Organizational collaborations are important means for organizations to access new resources and enhance the sustainable performance. Recent examples of inter-organizational collaborations towards more sustainable production are synergy parks, such as eco-industrial parks and agroparks. Synergy parks are collaborations among organizations across different sectors, mainly from agriculture and industry, aiming at enhanced economic and environmental performance, sustainable agri-food and bio-energy production through exchanging waste and by-products, creating production synergies. Because synergy parks connect organizations in their non-core business activities, these organizations are not always keen in the realization of synergy parks. A synergy park consists of multiple organizations from various sectors linked through multiple ties, its coordination can be explained by means of organizational network theory (Van de Ven & Fery, 1980). Consequently, a synergy park can be seen as a network where companies are the nodes and their collaborations the ties. Companies with direct ties, can affect the behavior of one another (Rowley, 1997). Recently more and more scholars use network analysis in understanding firms, stakeholders, and their social and behavioral phenomena (Ahuja, 2000; Ahuja, et al., 2009; Corsaro, et al., 2012; Gulati, 2007; Gulati, et al., 2000). Theories that discuss organizational networks, however, pay more attention to relations at dyadic level. Network analysis use in understanding firms, stakeholders, and their social and behavioral phenomena beyond dyadic level is slowly increasing (Ackermann & Eden, 2011; Frooman, 1999; Rowley, 1997). It provides scholars new insights to develop the inter-organizational network theory, to further it from dyadic relationship and examine systems of dyadic interactions capturing the influence of multiple and interdependent relations on network development. The purpose of the study is to understand how the structure of inter-organizational networks impact the realization of synergy parks by analyzing network attributes. In this study we answer the following questions: What is the impact of the network structure attributes (size, type of relation, centrality, and density) on realization of inter-organizational collaborations, such as a synergy park? What alternative network structures are effective in different inter-organizational collaborations? We suggest the following propositions: 1) The relation between the size of the network and the potential of a synergy park realization has an inverse convex shape (n shape) 2) Companies connected with both formal and informal ties have stronger and enduring relationships than the ones connected with formal ties only. 3) Decentralized and dense network structures are more suited for the realization of a synergy park if the set of involved companies are more heterogeneous. We conducted cross-case analysis in three synergy parks through using mixed qualitative and quantitative methods. The unit of analysis is the exchange relationship among the organizations within the networks. We focus on formal, informal, and trust related relations. We identified the boundary spanners in each organization, and asked managers who are the most knowledgeable about the relation of other organizations in the parks. These persons are formally or informally responsible for managing the collaborative relationships with other organizations. The main method of data collection was semi-structured interviews. The network survey has complex design comparing to standard surveys, therefore, we decided to interview each respondent personally by using ONA online survey tools. Concerning to network ties, we gather value and binary data. Each tie among the same companies have been measured and analyzed separately, and compared with one another. The data is coded and analyzed by using UCINET network analysis software (Borgatti, et al., 2002; Hanneman & Riddle, 2005). Networks are framed and analyzed per synergy park separate, which is followed by the analysis across networks. The discussion and the conclusion will be presented in the full paper. Reference Ackermann, F., & Eden, C., 2011. Strategic Management of Stakeholders: Theory and Practice. Long Range Planning, 44(3): 179-196. Ahuja, G., 2000. Collaboration Networks, Structural Holes, and Innovation: A Longitudinal Study. Administrative Science Quarterly, 45(3): 425-455. Ahuja, G., Polidoro, F., & Mitchell, W., 2009. Structural homophily or social asymmetry? The formation of alliances by poorly embedded firms. Strategic Management Journal, 30(9): 941-958. Borgatti, S. P., Everett, M. G., & Freeman, L. C., 2002. UCINET for Windows, Version 6.59: Software for Social Network Analysis. Harvard, MA Analytic Technologies. Corsaro, D., Cantu, C., & Tunisini, A., 2012. Actors' Heterogeneity in Innovation Networks. Industrial Marketing Management, 41(5): 780-789. Frooman, J., 1999. Stakeholder influence strategies. Academy of Management Review, 24(2): 191-205. Gulati, R., 2007. Managing network resources: alliances, affiliations and other relational assets. Oxford: Oxford University Press. Gulati, R., Nohria, N., & Zaheer, A., 2000. Strategic networks. Strategic Management Journal, 21(3): 203-215. Hanneman, R. A., & Riddle, M., 2005. Introduction to Social Network Methods. Riverside CA: University of California. Rowley, T. J., 1997. Moving beyond dyadic ties: A network theory of stakeholder influences. Academy of Management Review, 22(4): 887-910. Van de Ven, A. H., & Fery, D. L., 1980. Measuring and Assessing Organizations: John Wiley & Sons, Inc.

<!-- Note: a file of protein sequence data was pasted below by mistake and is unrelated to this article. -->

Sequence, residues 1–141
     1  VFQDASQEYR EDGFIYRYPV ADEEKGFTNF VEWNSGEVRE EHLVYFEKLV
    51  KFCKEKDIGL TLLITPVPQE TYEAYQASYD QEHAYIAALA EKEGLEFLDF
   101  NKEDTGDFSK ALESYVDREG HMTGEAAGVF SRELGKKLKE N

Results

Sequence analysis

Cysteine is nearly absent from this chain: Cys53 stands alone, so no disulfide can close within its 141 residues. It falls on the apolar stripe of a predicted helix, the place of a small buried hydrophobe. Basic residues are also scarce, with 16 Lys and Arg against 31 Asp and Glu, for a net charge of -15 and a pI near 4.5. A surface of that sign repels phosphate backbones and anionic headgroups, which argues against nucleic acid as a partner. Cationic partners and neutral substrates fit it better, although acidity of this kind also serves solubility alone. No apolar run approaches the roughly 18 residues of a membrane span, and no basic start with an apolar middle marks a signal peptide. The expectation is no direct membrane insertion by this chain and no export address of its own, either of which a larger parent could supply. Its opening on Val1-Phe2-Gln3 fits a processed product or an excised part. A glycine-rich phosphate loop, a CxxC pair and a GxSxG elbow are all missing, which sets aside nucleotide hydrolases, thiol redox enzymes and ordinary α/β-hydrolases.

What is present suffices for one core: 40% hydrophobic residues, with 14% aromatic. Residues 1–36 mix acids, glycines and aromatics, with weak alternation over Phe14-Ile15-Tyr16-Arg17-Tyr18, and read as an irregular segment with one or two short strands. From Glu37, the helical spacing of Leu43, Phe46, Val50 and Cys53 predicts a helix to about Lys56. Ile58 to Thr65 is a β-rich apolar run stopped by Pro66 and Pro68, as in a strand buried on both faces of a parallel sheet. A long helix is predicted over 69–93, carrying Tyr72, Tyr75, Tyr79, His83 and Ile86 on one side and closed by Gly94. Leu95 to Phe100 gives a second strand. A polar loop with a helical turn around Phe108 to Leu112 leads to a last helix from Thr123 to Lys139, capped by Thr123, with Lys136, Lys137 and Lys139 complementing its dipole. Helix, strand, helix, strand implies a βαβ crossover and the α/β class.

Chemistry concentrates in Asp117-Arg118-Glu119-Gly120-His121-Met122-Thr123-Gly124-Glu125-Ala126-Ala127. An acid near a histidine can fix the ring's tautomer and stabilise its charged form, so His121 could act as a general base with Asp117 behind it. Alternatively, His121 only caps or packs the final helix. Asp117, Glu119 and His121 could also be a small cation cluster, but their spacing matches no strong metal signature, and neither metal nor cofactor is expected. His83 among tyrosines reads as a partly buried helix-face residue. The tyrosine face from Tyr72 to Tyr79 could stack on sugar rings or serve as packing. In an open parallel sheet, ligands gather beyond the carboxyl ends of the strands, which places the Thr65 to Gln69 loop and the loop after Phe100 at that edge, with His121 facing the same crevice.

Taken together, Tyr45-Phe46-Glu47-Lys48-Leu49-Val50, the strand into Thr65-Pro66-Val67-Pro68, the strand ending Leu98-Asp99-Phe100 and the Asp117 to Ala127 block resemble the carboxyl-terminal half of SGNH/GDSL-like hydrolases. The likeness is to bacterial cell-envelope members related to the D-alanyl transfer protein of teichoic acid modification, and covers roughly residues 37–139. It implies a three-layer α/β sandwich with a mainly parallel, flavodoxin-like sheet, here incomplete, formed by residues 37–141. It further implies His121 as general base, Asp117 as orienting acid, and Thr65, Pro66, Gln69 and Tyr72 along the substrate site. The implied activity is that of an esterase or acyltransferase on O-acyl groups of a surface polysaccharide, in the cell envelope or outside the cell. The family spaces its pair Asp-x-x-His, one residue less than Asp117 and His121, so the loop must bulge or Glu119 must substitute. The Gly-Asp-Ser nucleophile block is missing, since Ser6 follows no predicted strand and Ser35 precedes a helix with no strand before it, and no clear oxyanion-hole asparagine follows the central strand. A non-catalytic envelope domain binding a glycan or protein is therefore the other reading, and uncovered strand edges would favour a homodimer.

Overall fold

|Publication status||Published - 2014|
|Event||Sustainability and Innovation in Chains and Networks, Capri, Italy - |
Duration: 4 Jun 2014 → 6 Jun 2014
|Conference||Sustainability and Innovation in Chains and Networks, Capri, Italy|
|Period||4/06/14 → 6/06/14|